artifacts.

> For that reason, using a sensor a higher resolution than you would
> need in theory might be a good idea.


Unfortunately, as the Nikon D70 and the Kodak 14N show, aliasing artifacts
are bigger than a single pixel, so there is no really practical limit to
super sampling.

Bart

 
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David J. Littleboy
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      04-29-2004

"Paul H." <(E-Mail Removed)> wrote in message
news:(E-Mail Removed)...
>
> "David J. Littleboy" <(E-Mail Removed)> wrote in message
> news:c6prm2$drg$(E-Mail Removed)...
> <snip>
> > But this is, as has been said before, incorrect: Foveon insists that

they
> > don't need an antialiasing filter, which is simply a lie. (The

mathematics
> > of sampling require that the signal be low-pass filtered before

sampling:
> > this is an unavoidable law of nature: it's not even physics: it's
> > mathematics; not even God can revoke it.) As a result, the apparent
> > sharpness comes at a cost of incorrect imaging, Moire, and other

problems.
>
> Not to quibble, David, but I don't think God, if He/She/It exists,

routinely
> revokes the laws of nature, either.
>
> Besides, though I'm not defending Foveon in any way, I really think most
> camera makers are too aggressive with anti-aliasing filtering: After all,
> most of us don't routine photograph zebras or stair bannisters at 100

yards
> and the blurriness caused by extreme anti-aliasing is often more annoying
> than the occasional aliasing artefact might be. A switchable

anti-aliasing
> filter would be nice, if it could be implemented (I'm thinking of the

Canon
> G5's internal ND filter).


Actually, most dSLRs' AA filters are insufficient. The Nikon D100 is the
only dSLR with a fully adequate AA filter, and they get ranked on for soft
images. So they built the D70 with the most inadequate AA filter (other than
the Kodak dSLRs) out there, and it (occasiohnally) does horrible things with
patterns with fine detail. But makes very sharp images otherwise.

With regards to the G5. Put your camera on a tripod, set it to ISO 50,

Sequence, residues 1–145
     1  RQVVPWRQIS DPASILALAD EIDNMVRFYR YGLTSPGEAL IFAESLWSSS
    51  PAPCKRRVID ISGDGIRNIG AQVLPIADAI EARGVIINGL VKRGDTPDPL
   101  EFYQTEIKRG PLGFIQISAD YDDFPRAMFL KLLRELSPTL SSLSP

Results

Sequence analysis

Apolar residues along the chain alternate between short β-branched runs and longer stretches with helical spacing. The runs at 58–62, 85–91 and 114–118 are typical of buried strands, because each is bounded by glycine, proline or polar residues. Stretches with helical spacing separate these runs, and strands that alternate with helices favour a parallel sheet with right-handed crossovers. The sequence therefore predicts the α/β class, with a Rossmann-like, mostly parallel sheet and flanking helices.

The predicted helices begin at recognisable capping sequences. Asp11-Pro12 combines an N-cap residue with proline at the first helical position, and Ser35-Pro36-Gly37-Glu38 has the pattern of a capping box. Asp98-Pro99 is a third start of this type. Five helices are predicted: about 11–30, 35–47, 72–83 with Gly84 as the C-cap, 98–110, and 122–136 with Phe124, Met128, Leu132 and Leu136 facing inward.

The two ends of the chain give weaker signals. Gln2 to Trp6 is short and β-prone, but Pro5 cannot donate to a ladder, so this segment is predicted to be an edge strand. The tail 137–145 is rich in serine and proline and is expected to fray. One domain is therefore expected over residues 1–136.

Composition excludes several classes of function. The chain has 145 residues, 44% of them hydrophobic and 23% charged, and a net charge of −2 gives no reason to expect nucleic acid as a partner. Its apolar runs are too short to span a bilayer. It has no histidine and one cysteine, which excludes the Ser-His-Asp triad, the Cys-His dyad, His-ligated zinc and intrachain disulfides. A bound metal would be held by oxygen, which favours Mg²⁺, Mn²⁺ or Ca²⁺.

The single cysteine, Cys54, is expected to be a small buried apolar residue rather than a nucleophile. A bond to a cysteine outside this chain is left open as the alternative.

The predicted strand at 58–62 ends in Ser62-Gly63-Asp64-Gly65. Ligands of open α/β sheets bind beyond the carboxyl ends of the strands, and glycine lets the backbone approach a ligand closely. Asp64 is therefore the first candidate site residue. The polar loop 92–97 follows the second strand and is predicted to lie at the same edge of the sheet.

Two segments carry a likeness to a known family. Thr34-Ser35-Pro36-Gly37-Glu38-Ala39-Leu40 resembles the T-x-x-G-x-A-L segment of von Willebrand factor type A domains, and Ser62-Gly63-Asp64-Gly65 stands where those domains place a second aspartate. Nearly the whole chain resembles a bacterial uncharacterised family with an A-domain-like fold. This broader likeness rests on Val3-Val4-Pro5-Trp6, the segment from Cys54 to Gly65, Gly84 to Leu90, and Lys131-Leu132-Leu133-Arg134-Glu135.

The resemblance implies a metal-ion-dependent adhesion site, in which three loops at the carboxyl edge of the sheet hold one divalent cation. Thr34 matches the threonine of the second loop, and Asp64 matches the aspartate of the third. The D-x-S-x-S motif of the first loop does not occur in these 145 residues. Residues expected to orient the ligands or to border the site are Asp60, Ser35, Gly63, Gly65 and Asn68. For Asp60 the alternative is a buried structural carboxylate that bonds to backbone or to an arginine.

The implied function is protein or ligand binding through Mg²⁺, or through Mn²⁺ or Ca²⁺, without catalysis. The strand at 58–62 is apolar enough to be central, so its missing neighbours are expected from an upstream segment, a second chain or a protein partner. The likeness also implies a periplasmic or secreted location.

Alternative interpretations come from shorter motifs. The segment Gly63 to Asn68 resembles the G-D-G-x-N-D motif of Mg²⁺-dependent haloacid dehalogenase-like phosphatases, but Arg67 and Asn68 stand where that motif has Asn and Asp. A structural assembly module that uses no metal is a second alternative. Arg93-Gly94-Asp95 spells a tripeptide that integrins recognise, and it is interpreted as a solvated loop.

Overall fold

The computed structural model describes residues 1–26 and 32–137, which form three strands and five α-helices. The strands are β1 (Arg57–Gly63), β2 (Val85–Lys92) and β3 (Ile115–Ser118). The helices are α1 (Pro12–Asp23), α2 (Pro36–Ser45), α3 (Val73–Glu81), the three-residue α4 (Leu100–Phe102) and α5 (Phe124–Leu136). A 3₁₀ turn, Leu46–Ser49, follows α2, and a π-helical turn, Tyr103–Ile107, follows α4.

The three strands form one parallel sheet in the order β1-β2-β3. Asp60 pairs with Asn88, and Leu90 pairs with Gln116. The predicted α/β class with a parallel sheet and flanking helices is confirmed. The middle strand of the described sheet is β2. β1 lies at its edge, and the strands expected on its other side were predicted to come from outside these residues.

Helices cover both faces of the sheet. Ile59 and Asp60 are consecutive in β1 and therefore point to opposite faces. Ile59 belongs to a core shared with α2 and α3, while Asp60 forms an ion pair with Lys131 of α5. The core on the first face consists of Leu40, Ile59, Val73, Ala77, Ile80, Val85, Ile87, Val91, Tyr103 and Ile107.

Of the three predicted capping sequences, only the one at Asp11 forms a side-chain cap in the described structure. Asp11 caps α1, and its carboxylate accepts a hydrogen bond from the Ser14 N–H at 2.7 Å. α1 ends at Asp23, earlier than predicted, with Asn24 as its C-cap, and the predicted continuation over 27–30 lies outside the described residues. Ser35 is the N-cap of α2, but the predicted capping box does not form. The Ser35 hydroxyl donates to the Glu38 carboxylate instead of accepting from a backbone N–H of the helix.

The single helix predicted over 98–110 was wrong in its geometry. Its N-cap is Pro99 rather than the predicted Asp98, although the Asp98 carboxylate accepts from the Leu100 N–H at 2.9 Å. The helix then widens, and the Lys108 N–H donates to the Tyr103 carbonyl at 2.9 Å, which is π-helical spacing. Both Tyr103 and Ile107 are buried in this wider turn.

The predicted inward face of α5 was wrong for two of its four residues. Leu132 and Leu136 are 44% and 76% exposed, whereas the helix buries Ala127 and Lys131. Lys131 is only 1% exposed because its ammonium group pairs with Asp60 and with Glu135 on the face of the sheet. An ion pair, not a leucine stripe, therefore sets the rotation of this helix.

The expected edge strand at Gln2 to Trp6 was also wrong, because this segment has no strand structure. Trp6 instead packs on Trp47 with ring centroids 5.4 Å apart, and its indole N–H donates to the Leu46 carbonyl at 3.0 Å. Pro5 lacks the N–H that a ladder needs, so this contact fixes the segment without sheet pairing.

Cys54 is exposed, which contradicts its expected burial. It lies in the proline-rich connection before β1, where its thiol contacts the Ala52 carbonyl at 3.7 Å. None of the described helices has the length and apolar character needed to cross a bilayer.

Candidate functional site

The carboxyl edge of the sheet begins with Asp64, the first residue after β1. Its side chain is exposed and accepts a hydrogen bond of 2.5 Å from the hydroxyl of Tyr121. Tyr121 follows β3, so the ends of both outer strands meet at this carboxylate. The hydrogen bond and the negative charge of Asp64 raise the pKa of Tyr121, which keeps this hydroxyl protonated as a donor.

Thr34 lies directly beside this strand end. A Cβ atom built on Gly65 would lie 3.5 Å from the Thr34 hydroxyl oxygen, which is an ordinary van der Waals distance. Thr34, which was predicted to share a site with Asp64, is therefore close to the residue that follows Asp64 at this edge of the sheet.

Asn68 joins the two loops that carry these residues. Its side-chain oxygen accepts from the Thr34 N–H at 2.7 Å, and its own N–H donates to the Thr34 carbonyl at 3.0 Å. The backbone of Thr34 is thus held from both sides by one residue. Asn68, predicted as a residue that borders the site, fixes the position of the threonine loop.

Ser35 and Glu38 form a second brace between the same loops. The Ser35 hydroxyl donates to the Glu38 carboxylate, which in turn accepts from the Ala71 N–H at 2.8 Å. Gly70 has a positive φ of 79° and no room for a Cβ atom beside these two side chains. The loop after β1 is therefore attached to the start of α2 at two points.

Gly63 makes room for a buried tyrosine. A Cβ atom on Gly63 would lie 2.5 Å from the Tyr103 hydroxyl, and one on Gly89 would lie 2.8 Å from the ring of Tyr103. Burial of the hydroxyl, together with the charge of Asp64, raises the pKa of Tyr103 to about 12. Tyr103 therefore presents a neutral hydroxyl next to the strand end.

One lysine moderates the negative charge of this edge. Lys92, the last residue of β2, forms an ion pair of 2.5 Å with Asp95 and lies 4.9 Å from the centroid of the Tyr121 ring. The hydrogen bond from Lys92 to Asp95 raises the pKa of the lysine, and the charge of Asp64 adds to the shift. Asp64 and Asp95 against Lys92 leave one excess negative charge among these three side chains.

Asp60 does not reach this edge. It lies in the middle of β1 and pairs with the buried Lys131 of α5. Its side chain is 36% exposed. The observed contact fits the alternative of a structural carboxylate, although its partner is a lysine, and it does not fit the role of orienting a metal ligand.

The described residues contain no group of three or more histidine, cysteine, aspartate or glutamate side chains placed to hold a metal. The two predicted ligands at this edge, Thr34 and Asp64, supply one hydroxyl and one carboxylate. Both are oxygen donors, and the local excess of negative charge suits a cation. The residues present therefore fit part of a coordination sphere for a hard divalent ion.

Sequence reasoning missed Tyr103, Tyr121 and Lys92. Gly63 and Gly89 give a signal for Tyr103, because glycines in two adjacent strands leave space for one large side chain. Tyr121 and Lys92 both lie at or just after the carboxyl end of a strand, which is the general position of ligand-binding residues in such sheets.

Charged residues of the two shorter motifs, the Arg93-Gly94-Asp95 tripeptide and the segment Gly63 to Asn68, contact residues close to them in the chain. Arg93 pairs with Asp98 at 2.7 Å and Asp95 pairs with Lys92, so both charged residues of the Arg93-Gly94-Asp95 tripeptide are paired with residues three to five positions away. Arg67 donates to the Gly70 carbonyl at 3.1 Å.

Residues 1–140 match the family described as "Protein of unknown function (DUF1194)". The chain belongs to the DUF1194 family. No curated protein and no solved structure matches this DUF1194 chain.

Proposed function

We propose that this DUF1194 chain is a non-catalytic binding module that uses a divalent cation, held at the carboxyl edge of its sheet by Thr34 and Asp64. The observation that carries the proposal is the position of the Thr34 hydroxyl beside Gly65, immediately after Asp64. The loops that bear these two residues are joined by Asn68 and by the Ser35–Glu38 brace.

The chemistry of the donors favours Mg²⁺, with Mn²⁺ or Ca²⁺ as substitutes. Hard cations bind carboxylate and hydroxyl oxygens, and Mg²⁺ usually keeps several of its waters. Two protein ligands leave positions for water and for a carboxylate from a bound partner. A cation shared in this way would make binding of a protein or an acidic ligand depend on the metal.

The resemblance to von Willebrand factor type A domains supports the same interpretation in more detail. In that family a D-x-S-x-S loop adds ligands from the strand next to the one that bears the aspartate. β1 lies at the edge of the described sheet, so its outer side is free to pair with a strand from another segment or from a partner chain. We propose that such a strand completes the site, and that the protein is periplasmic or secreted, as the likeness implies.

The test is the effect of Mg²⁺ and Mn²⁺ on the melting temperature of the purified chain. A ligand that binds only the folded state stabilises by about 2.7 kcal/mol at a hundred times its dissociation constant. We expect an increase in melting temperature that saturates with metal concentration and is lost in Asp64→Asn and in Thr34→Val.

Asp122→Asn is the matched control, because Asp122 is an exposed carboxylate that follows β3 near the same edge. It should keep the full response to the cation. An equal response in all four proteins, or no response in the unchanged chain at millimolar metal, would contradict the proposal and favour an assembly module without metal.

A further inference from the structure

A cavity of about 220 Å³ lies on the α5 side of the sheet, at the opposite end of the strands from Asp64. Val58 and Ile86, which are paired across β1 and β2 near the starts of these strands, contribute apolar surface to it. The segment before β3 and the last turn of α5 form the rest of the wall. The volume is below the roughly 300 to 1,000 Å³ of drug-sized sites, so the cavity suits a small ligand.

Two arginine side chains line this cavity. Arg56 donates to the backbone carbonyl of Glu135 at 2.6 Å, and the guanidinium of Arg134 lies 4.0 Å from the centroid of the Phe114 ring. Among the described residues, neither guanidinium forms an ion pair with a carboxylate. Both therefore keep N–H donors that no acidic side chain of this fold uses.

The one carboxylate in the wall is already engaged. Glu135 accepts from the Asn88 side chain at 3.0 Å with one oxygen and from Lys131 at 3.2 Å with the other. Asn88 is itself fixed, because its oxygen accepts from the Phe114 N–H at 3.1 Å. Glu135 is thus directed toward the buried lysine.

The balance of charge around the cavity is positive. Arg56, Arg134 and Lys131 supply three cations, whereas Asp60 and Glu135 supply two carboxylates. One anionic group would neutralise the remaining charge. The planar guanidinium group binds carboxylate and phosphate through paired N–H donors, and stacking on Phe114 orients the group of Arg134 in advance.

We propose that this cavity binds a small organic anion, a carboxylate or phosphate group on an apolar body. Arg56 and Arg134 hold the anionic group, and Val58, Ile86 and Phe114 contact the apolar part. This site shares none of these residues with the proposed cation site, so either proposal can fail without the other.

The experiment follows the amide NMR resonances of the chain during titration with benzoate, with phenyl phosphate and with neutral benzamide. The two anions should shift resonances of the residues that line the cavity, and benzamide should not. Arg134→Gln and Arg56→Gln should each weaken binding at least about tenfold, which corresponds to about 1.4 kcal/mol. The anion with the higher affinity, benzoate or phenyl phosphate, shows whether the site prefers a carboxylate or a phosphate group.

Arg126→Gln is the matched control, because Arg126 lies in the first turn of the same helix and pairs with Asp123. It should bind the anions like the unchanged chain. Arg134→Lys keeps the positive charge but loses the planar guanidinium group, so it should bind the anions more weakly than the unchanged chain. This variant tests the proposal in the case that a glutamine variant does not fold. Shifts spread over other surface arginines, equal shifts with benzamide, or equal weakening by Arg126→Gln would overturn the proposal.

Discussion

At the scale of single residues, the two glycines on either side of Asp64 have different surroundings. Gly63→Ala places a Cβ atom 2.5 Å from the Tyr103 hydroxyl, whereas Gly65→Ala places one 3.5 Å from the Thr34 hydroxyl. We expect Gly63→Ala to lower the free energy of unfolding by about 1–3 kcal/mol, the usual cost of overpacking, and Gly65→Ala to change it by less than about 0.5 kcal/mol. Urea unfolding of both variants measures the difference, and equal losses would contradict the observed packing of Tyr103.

manual focus at infinity, aperture priority mode at f/5.6 or f/8, and take
some landscape or cityscape shots with lots of detail. You will find that
the images are extremely sharp.

By the way, note that there's a basic tradeoff between sharpness and
accuracy: if you insist on pixel-per-pixel sharpness, then the accuracy of
placement of detail is lower relative to the size of the detail that you are
resolving. So the same apparent sharpness with more pixels and more AA
filtering is far more accurate than that apparent sharpness with fewer
pixels and less AA.

David J. Littleboy
Tokyo, Japan


 
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JPS@no.komm
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      04-30-2004
In message <(E-Mail Removed)> ,
http://www.velocityreviews.com/forums/(E-Mail Removed) (George Preddy) wrote:

>A blur filter is needed with Bayer because of color sampling. It
>prevents rainbowing at the expense of accuracy. Foveon obviously
>doesn't need one since color is not sampled then guessed, but rather
>directly measured at every photosite, same for luminance.


Wrong. Foveon samples, and all sampling requires an AA filter, unless
the optics do the job with softness, or the display is so hi-res that
individual pixels are much smaller than what can be seen. Bayer merely
requires a slightly stronger AA filter than a stacked-RGB sensor.
--

<>>< ><<> ><<> <>>< ><<> <>>< <>>< ><<>
John P Sheehy <(E-Mail Removed)>
><<> <>>< <>>< ><<> <>>< ><<> ><<> <>><

 
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Dave Haynie
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      05-02-2004
On 28 Apr 2004 18:51:06 -0700, (E-Mail Removed) (hfs2) wrote:

>I wonder.....
>
>Will you ever 'pick your film'? Different sensors
>for different situations?


Possible, maybe. But before then, I expect you'll have realtime DSP
living between the raw sensor data and the stored JPG, especially in
consumer cameras. Imagine, for example, 12 to 16 bit image sensors,
enough extra data to effectively simulate the color curves of your
favorite films. You want Veliva, you dial up the Veliva plug-in; you